The Pentagon has begun building its fiscal 2011 budget request, which will be sent to the Congress next February. 2011 is the year that production of the Virginia-class attack submarine — the only class of subs the U.S. is currently building — will ramp up to two boats per year. Prime contractors General Dynamics and Northrop Grumman have done a good job of cutting costs and labor hours on the Virginia class, but it still costs about $2 billion per boat to build them. So maybe you’re wondering why they need to be produced at a higher rate when the Red Navy is long gone.
Part of the explanation is that Cold War attack submarines will begin retiring at the rate of three or four per year in the next decade, so the undersea fleet will start dwindling fast if we don’t produce more subs soon. But the real reason the Navy needs to keep a lot of subs in the fleet is intelligence gathering. There are some things a submarine can do that other collection platforms cannot — and I’m not just talking about tracking other warships. Consider the case of North Korea, a place where we need to monitor military developments closely.
North Korea is a hermit kingdom run by a brutal dictator, so developing human agents there is nearly impossible. That means our intelligence community needs to rely mostly on technical means to monitor developments. Aside from imagery, our most important intelligence product is electronic intercepts. But satellites are too far away to monitor many transmissions, and flying aircraft over North Korea is dangerous. Systems such as the EP-3 Aries II signals intelligence plane can fly along the coast, but like low-earth-orbit satellites, much of the time they are not in position to pick up critical intelligence.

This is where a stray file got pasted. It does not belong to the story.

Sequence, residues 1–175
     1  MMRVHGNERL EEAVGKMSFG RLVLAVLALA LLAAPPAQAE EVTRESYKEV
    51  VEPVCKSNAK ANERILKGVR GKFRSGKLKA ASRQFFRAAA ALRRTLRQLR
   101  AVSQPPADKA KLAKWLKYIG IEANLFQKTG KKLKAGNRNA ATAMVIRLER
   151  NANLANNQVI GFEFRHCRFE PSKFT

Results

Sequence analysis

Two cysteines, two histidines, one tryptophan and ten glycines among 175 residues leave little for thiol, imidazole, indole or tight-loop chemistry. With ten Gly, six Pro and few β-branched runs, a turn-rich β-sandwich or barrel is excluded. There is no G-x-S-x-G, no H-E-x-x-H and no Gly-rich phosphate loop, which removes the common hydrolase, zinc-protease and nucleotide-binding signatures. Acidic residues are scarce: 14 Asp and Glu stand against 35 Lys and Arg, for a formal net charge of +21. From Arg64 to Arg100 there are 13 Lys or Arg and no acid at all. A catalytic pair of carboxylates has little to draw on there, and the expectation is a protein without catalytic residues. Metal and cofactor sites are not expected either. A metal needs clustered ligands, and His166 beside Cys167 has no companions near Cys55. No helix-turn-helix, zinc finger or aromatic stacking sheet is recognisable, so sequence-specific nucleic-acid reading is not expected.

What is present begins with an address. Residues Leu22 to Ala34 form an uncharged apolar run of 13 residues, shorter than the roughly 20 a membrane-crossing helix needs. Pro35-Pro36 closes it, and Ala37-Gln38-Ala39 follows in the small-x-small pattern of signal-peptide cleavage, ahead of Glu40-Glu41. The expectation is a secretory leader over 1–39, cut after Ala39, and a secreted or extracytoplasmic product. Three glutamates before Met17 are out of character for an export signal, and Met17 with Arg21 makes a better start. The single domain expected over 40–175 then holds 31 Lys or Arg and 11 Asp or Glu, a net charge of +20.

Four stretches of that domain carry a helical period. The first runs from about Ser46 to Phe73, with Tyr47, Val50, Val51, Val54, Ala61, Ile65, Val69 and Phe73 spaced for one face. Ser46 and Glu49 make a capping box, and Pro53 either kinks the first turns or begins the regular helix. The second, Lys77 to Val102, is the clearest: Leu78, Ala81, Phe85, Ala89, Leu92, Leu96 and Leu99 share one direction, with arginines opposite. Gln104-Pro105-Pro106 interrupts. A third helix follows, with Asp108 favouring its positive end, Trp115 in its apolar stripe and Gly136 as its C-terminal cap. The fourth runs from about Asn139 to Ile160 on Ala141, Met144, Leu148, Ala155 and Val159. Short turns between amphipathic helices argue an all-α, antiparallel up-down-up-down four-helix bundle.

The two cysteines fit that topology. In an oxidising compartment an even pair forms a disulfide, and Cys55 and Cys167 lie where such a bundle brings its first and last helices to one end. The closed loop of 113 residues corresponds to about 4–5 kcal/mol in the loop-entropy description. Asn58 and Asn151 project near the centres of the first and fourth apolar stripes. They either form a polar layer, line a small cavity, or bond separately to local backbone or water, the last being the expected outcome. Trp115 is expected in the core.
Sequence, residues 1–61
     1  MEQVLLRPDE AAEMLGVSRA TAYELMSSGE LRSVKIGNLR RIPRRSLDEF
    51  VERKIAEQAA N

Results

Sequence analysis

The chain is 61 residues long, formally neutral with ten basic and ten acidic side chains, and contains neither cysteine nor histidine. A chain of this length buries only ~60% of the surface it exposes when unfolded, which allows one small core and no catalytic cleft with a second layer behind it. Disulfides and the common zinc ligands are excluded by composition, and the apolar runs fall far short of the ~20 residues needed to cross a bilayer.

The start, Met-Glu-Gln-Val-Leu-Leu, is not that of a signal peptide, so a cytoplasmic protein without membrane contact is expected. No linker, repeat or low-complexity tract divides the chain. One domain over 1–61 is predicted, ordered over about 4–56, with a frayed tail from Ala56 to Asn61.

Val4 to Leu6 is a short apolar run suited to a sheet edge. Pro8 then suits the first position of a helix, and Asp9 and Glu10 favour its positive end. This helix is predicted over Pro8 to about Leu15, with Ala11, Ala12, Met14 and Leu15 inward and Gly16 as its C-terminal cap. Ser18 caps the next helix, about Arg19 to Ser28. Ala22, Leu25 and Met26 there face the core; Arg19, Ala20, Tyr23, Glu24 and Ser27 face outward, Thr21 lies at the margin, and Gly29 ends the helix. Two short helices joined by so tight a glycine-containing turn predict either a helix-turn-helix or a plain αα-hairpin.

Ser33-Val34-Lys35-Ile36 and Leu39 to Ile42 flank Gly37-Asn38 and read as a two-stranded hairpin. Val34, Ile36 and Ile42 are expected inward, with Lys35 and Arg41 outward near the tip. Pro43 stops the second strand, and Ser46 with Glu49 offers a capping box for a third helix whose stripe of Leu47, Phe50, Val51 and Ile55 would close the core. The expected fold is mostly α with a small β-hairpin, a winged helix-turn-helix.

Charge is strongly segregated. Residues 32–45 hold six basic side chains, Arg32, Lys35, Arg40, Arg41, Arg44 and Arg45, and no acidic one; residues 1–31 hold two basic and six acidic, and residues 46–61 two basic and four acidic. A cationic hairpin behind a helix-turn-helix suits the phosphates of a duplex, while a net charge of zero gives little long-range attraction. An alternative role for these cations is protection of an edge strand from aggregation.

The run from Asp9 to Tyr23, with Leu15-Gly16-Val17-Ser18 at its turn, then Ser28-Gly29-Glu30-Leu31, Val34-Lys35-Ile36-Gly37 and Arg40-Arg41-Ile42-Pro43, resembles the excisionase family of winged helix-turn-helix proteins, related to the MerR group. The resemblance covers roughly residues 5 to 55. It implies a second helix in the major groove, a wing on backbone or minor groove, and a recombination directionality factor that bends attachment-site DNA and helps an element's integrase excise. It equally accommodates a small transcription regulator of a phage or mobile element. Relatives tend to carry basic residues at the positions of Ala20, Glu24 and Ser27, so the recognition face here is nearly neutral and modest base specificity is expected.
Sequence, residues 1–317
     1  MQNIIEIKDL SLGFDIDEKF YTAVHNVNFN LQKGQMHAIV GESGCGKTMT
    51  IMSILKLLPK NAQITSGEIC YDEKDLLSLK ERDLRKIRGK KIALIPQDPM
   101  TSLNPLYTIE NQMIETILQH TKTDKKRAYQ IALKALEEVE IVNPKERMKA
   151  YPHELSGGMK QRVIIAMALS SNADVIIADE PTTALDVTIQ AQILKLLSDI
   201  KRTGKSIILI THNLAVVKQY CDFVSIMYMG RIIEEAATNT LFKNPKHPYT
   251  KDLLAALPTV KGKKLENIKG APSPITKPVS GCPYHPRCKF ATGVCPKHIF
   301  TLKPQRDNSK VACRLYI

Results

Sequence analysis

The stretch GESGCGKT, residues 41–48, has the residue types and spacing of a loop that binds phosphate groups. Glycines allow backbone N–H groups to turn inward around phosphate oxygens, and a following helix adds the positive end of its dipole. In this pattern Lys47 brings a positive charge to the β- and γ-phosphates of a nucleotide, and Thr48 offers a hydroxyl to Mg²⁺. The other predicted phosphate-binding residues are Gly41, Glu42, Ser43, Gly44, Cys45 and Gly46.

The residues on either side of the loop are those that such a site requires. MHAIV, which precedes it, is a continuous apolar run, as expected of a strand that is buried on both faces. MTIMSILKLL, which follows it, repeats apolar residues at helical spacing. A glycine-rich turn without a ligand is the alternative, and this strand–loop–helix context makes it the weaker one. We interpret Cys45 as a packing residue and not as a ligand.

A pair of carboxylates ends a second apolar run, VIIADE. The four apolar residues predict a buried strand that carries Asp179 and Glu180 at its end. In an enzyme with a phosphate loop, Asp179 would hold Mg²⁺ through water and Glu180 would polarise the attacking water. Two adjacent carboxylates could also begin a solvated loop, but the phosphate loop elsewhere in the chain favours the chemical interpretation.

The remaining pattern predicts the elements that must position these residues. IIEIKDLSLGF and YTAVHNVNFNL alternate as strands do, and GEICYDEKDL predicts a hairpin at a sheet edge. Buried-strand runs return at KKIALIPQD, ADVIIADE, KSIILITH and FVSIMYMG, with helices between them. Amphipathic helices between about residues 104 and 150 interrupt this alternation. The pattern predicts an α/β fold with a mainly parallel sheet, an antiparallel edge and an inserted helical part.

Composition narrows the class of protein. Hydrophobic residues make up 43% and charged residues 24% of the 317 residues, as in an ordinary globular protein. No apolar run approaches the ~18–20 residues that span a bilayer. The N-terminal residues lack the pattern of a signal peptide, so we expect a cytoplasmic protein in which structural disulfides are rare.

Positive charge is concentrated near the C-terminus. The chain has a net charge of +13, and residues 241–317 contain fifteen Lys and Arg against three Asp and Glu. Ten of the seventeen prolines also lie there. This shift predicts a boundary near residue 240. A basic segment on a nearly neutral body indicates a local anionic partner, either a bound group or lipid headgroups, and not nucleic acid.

That leaves submarines. They can remain submerged and undetected near North Korean areas of interest for months at a time, collecting electronic intercepts and transmitting them to remote locations for analysis. And while electronic signals typically travel in a straight line, natural phenomena along the coast like evaporative ducts bend and deflect transmissions so they can be intercepted despite intervening obstacles. So in addition to its sea control, maritime security, special operations and other more obvious missions, the Virginia-class attack sub is a vital cog in America’s system for assuring global awareness of threats originating in places like Korea, China, Iran and Cuba.
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